It’s only Rational: Logic in 40k

If you were more rational then would you win more games?

Being rational, at least if you ask an economist, means always choosing the outcome that will lead to the best result for you.  If you are anything like me then I am sure you feel that you are extremely rational!   At the same time, you may also be perplexed to observe human behaviour and the silly things we do on social media.  Indeed, we need look further than recent stock market bubbles / crashes to see how crazy we can be as a species.

Image result for irrational meme

The pioneering work by Daniel Kahneman and Amos Teversky showed that human beings are delightfully irrational in all sorts of interesting ways (and for which a Nobel prize was awarded).  Their ideas led to the development of a field known as behavioural economics and this is what will be covering below.  Today we look at how these concepts can be applied to the game of 40k and how human nature might lead to suboptimal decisions and how you might turn this to your advantage. 

We look forward to your reactions to these concepts and if you have any additional ideas then let us know in the comments.

Idea 1: Too much choice can lead to bad decisions

The theory says more choice is always better than less.  An increase in choice should mean that we have a much better chance of finding the product that exactly meets our needs and as a result, we will be happier.  What evidence suggests is that this is true to a point but then too much choice can make us feel stressed and unhappy.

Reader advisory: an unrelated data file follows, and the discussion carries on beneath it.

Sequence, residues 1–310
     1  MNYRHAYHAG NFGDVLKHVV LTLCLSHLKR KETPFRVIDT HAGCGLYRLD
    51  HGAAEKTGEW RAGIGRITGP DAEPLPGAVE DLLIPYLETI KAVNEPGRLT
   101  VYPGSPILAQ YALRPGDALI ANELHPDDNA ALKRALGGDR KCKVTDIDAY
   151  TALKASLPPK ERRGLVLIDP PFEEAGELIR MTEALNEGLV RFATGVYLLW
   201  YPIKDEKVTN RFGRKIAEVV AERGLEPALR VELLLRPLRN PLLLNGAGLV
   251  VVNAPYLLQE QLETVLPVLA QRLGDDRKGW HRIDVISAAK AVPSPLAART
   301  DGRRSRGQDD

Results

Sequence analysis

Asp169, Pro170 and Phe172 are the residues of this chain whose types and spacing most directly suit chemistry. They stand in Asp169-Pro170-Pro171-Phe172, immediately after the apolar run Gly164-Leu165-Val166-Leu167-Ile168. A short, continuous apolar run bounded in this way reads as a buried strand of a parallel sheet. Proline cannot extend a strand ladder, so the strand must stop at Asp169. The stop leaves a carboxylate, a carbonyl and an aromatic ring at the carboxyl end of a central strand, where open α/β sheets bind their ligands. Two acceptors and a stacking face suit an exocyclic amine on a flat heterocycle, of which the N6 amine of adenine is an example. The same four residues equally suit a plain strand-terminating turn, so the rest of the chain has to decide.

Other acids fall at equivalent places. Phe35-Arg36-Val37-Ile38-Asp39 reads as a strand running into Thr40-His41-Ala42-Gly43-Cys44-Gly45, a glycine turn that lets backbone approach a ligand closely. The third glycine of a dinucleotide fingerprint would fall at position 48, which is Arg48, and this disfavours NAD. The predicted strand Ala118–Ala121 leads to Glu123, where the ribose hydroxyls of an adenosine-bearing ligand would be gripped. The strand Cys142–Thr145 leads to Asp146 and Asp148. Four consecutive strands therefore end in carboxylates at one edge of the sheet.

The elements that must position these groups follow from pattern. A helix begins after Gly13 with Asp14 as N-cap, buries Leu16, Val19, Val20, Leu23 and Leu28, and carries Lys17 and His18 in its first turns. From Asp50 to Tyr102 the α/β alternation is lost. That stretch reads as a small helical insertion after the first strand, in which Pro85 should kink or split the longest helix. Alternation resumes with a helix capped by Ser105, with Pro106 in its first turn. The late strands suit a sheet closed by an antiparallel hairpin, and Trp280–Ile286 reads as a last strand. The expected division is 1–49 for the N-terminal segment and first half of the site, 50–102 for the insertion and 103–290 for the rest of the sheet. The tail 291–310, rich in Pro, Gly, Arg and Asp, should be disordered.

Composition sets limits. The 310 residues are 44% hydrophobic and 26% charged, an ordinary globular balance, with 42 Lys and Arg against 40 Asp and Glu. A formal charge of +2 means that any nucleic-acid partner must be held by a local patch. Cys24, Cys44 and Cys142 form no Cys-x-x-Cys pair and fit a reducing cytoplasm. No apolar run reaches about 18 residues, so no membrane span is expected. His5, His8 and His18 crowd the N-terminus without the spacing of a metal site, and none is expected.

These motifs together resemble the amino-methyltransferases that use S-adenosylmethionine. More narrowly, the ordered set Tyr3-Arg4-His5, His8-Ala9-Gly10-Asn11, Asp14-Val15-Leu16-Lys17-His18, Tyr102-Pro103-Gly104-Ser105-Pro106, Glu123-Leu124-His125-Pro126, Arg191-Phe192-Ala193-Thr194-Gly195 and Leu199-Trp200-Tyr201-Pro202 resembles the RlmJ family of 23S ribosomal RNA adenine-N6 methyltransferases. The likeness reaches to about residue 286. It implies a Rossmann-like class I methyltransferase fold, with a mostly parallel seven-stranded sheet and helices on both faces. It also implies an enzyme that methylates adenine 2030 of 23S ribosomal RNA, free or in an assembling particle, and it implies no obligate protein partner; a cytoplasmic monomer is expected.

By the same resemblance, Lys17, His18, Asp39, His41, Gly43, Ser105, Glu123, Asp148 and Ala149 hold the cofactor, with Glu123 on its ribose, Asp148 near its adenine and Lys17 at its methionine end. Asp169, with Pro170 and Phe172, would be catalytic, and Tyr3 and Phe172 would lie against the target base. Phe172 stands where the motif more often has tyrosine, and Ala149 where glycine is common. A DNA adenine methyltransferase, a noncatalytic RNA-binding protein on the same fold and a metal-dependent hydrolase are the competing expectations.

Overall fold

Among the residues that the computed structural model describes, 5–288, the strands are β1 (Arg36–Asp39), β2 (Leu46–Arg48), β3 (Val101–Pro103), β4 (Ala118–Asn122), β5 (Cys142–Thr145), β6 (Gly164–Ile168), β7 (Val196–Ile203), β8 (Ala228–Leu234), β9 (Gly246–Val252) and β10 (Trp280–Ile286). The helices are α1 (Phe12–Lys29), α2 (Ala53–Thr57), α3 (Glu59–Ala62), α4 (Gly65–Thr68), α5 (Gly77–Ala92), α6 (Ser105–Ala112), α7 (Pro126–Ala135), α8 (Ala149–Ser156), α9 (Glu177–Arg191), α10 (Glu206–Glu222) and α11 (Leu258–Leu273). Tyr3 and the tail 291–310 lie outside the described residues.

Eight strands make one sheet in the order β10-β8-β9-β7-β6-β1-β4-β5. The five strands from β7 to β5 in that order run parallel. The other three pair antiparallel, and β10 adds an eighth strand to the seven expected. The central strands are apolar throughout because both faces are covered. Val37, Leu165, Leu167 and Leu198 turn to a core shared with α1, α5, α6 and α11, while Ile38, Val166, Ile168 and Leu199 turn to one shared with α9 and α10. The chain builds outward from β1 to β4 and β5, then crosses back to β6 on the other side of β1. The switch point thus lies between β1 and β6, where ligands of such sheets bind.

How many choices do we need?

Most people when faced with too much choice do something extremely simple – they stick with what they already know and pick the option that they have always chosen, even if such a choice is sub-optimal (i.e. there is a better option available). Evidence suggests that the level of stress just gets worse and worse the more options we have and the more time pressure we face.  

This concept of choice leading to stress can apply directly to the game of 40k.  For example, if you can find a way of simplifying your choices when you are playing a game then you are far more likely to make better decisions.  Equivalently, you can also turn this on its head and find ways in which you can make your opponent’s life difficult by giving them lots and lots of decisions to make.  If you can crank up the level of complexity for your opponent then you increase the chances they will make a bad decision you can then capitalise upon.

The key question is how might you increase the number of choices your opponent faces?  Some examples are below:

  1. Develop a list that has multiple different types of threats rather than leaning too heavily into a single unit;
  2. Seek out combinations of warlord traits, stratagems and relics that give you lots of powerful options that keep your opponent guessing; 
  3. Include some units that can do multiple things rather than just one big thing;
  4. Consider including units / factions that are not often seen on the table;
  5. Think about how your secondary mission selection could put pressure on your opponent, particularly if those selections ask your opponent to do conflicting things.

The above list of ideas is not intended to be exhaustive and we are sure you can come up with some other ways of achieving the desired results.  This implies skewing your list away from being one-dimensional but you need to be sure you don’t go too far the other way and end up with a complex but fundamentally weak army.